June 2018 - Best Pre-marathon Workout
June's question was from Julia in South Wales. Julia has a marathon coming up and wants to really nail her final workout:
This is my fourth marathon. In the past I've built up my long run gradually to about 20-22 miles and done that two weeks before the marathon. This time I've been doing long runs all the way through my training, so the final long run isn't going to be such a big thing. What I'm looking for is something a couple of weeks out. If it helps I always seem to have a bad patch around 16-19 miles.
“Wow! Tough question. So, the answer will of course be different for everybody, but I find the workout below is excellent for covering lots of bases and really help give you the confidence you need to tackle the marathon.
I've adjusted the workout to fit the needs of somebody like you who is comfortable with long runs and has some marathon experience.
I would recommend doing it two weeks out and making sure you do it on fresh legs.
- 4 miles easy
- 4 miles at marathon pace
- 2 miles at 10k pace
- 1 mile at marathon pace
- 1 mile at 10k pace
- 4 miles at marathon pace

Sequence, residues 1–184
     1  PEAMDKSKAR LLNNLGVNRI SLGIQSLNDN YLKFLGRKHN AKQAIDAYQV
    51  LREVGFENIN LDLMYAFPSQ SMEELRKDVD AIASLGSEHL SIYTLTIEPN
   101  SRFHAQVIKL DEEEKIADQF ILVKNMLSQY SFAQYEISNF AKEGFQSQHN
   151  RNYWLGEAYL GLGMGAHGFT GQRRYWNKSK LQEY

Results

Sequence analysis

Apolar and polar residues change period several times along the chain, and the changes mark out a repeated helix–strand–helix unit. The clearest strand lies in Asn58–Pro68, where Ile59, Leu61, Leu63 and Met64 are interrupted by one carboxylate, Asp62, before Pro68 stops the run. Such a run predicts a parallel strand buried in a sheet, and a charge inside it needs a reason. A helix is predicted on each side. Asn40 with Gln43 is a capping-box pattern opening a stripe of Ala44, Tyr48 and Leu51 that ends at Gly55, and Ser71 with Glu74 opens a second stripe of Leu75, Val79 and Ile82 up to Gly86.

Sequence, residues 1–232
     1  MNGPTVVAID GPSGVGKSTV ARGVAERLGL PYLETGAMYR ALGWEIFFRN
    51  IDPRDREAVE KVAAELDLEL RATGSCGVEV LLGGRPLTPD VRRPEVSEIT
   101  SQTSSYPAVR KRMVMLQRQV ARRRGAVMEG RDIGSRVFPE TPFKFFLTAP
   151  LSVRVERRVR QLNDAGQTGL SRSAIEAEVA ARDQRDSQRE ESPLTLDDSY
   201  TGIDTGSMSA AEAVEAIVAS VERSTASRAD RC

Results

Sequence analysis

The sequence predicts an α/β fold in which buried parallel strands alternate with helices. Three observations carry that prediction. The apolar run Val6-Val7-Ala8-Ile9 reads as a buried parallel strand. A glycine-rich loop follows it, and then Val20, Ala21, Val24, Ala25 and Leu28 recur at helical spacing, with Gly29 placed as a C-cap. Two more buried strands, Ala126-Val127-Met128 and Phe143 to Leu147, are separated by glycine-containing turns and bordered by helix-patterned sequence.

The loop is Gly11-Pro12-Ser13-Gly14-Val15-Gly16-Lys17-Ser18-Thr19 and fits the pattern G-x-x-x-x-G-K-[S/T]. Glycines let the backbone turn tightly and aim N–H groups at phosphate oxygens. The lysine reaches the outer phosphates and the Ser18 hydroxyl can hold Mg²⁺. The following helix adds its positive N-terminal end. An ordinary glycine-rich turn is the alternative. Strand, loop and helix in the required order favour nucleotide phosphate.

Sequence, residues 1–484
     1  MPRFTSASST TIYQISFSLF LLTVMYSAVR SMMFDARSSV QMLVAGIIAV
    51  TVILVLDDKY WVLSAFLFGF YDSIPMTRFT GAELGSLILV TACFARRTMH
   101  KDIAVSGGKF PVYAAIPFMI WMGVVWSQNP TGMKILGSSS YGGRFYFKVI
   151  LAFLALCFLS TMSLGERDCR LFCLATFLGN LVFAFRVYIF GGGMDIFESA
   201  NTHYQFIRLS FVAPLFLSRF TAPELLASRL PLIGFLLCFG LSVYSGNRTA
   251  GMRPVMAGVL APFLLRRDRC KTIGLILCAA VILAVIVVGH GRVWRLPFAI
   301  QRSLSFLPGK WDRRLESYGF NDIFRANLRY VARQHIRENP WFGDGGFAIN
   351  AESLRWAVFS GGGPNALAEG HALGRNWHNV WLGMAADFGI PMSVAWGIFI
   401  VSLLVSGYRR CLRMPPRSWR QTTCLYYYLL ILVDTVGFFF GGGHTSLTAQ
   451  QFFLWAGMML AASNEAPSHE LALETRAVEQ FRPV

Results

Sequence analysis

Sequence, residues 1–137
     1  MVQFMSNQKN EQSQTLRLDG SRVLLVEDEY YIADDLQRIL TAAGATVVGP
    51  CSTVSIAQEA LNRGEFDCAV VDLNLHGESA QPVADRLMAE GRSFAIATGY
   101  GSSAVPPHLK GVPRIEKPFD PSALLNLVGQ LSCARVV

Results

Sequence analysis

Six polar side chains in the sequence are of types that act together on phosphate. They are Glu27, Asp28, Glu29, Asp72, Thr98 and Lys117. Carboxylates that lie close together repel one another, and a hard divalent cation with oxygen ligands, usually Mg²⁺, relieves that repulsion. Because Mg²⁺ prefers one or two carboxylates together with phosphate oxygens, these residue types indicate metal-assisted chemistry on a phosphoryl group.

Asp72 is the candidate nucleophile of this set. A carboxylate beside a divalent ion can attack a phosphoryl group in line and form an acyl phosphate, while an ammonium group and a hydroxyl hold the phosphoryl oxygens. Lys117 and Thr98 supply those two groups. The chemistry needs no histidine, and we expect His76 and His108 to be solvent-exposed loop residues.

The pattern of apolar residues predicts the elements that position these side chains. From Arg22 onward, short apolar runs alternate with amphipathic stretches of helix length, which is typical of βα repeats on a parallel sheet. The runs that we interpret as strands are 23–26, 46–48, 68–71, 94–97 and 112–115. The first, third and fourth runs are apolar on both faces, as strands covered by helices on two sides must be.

That's 16 miles of running. What you will find really tough is not so much the faster bouts at 10k pace, but following that up with longer bouts at marathon pace (instead of what you usually want to do after 10k pace, which is to jog or walk).
One problem with marathon running is that it's difficult to do very specific training. I.e. you can't really go out and run the distance several times in training since it'll prove too fatiguing and limit the amount of training you can do.
This isn't the case for other distances. For example, a 5k runner could very well go out and race the distance every week, and even half marathon runners tend to get in a few practice races before the big day.
What we can do, however, with the marathon is try to simulate how you will feel during the later stages of the race. And we can achieve this by having you run moderately long runs with early bouts at faster than marathon pace, so that you "pre-fatigue" yourself for later race-pace bouts.
I've tried this with quite a few runners that I coach and they always report back with a feeling of pride and excitement at having achieved the session.
Do let us know how you get on with it.”
Our Member's Answer
June's member's answer was from Al in Nottingham.
“A half marathon with a couple of miles before and after, and run the half at your goal marathon pace. This all means you end up doing a long run with loads of marathon paced running. Plus, you probably won't be able to stop yourself picking up speed a bit towards the end of the half marathon. That way you'll get lots of confidence - all the other runners will be going flat out and you'll be holding back. You'll feel great. Trust me.”
Thanks, Al. A great answer that covers both the physical and psychological elements.